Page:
Can acupuncture cause an infection?
If done correctly, acupuncture will not cause an infection. Acupuncturists at Omni strictly adhere to what is known as “clean needle technique.” Before needling a point, the skin area is cleaned with alcohol. The part of the needle that is being inserted into the body is not touched by the acupuncturist. Only the shaft of the needle is manipulated. Once the needle is removed, pressure is applied to the area and if there is bleeding, it stops quickly. Band aids are not required to cover the needled area. Patients should not touch the area or shower for at least 2 hours after being needled to avoid infection.
Do needles ever break and get stuck in the body?
Single use needles, when used correctly and only once, will not break and do not get stuck in the body.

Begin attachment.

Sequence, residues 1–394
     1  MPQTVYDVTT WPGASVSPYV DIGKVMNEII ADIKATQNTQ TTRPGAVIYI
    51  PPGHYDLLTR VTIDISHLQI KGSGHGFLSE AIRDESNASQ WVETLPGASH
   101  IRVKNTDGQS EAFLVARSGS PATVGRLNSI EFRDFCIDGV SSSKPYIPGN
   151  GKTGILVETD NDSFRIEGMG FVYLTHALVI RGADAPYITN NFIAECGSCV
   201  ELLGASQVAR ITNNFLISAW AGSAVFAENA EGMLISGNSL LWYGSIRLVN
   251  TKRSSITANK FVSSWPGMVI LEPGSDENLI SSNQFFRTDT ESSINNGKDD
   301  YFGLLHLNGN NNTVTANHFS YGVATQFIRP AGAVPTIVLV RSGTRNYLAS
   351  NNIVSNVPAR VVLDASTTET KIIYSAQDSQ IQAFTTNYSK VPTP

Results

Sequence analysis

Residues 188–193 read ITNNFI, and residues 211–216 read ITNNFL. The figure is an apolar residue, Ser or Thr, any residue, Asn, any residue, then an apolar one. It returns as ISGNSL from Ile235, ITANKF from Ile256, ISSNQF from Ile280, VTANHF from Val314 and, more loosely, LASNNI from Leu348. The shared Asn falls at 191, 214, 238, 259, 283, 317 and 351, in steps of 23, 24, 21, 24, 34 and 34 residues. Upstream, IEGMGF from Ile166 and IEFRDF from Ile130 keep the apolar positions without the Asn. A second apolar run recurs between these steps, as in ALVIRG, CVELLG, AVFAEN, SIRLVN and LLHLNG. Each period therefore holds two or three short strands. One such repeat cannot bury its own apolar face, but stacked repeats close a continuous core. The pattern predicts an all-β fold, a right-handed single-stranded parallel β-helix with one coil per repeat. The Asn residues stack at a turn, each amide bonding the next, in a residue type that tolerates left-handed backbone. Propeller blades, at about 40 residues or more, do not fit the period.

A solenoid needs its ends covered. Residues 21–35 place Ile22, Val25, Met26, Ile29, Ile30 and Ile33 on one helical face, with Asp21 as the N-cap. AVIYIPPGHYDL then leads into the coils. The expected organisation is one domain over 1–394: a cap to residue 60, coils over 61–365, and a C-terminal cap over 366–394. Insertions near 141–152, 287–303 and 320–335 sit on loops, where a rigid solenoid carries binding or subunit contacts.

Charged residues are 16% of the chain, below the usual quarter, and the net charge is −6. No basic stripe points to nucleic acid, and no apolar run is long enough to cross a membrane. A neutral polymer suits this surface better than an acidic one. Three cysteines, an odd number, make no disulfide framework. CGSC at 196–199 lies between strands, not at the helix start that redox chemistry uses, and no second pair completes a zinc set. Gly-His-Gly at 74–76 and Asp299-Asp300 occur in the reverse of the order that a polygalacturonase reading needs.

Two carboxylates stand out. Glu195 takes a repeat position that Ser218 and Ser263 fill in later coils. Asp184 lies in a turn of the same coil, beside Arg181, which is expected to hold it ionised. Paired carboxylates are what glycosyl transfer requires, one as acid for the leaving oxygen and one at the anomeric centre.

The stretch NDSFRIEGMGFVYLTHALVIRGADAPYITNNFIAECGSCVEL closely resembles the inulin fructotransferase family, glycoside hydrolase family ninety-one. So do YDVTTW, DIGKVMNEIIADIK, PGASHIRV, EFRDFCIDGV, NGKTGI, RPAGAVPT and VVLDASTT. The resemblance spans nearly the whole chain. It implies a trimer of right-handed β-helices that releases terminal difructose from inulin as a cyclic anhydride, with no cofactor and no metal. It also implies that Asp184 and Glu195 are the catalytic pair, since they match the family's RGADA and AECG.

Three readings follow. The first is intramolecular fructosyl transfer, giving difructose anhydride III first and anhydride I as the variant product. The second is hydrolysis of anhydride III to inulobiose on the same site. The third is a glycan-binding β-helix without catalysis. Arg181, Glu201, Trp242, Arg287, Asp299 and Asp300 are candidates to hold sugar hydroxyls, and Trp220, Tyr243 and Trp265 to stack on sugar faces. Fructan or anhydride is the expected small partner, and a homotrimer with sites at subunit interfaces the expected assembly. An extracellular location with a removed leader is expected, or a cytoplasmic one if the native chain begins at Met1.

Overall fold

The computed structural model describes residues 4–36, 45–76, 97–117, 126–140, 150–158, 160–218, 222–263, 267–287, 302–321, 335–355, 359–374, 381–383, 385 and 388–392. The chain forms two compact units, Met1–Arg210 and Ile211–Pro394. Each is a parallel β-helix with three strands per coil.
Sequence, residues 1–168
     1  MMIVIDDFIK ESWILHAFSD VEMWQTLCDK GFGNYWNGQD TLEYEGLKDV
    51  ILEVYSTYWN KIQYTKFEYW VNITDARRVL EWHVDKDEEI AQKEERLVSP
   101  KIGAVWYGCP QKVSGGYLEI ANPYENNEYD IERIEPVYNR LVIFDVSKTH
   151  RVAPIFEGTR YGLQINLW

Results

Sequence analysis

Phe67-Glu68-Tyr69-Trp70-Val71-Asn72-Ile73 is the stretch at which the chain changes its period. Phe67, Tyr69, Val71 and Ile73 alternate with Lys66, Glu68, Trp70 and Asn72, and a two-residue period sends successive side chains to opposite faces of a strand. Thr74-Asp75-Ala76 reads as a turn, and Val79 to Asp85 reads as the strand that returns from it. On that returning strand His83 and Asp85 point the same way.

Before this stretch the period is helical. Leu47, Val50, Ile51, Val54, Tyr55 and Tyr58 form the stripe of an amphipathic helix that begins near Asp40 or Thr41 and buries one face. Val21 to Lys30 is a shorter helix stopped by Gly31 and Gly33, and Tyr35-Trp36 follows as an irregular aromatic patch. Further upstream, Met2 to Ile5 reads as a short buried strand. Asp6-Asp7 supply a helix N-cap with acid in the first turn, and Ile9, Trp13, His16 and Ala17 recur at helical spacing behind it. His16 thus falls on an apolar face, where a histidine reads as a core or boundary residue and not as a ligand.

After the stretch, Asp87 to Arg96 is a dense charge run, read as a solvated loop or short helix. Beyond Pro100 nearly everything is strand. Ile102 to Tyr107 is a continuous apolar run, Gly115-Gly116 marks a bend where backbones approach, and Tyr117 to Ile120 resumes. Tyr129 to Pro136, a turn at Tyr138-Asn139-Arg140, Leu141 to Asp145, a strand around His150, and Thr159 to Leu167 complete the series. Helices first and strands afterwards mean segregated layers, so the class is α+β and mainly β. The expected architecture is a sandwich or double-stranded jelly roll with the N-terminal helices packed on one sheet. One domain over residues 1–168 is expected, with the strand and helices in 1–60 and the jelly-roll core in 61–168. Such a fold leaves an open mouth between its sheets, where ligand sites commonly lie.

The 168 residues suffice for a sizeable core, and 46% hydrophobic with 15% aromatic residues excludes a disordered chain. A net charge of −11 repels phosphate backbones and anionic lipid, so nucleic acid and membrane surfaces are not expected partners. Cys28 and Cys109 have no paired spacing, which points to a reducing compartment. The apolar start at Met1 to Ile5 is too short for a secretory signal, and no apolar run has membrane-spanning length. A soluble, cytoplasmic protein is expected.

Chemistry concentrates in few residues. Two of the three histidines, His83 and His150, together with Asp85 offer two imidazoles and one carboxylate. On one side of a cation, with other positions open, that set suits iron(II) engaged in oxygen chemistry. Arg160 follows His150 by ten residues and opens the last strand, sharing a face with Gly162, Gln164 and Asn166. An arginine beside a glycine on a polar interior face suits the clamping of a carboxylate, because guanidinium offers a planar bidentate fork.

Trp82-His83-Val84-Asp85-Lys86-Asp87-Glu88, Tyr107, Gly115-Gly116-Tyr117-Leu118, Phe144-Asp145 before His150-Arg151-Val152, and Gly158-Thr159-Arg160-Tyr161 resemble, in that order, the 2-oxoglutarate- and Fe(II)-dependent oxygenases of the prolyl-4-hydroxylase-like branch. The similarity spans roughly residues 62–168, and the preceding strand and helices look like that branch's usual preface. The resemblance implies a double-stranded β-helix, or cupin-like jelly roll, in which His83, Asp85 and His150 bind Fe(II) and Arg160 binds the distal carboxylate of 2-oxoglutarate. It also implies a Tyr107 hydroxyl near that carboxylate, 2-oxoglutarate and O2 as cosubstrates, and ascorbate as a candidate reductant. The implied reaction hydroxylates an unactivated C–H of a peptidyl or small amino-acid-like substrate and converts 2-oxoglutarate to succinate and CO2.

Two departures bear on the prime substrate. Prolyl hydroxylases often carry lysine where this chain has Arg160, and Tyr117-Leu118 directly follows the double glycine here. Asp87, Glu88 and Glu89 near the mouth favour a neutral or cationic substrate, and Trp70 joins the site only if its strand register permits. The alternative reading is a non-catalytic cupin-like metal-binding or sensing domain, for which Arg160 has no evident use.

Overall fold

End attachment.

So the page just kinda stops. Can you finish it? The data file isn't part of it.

Can an acupuncturist accidentally puncture my internal organs?
Acupuncturists study each acupuncture point in great detail, which includes the appropriate depth and angle for inserting a needle in each point. In theory, it is possible to insert a needle directly into an internal organ, but a practitioner with adequate training and a clear conscience will never insert a needle into an organ, even by accident.
Do you reuse needles?
At Omni Wellness we only use “single use” needles. This means that each needle is only inserted into the body once.
Can I resume normal activity after acupuncture?
Most people feel very relaxed after an acupuncture treatment. Some people will fall asleep and may feel a little groggy upon waking up. In general, this sleepiness usually wears off within about 15 minutes of the needles being removed. If you experience lightheadedness, dizziness, or drowsiness after a session, sit down and drink water until you are feeling normal. As long as you are feeling grounded and are awake, you can return to normal activity. In the very unlikely event that you experience prolonged drowsiness, please use common-sense – no driving or operating heavy machinery until you have returned to a state of full consciousness.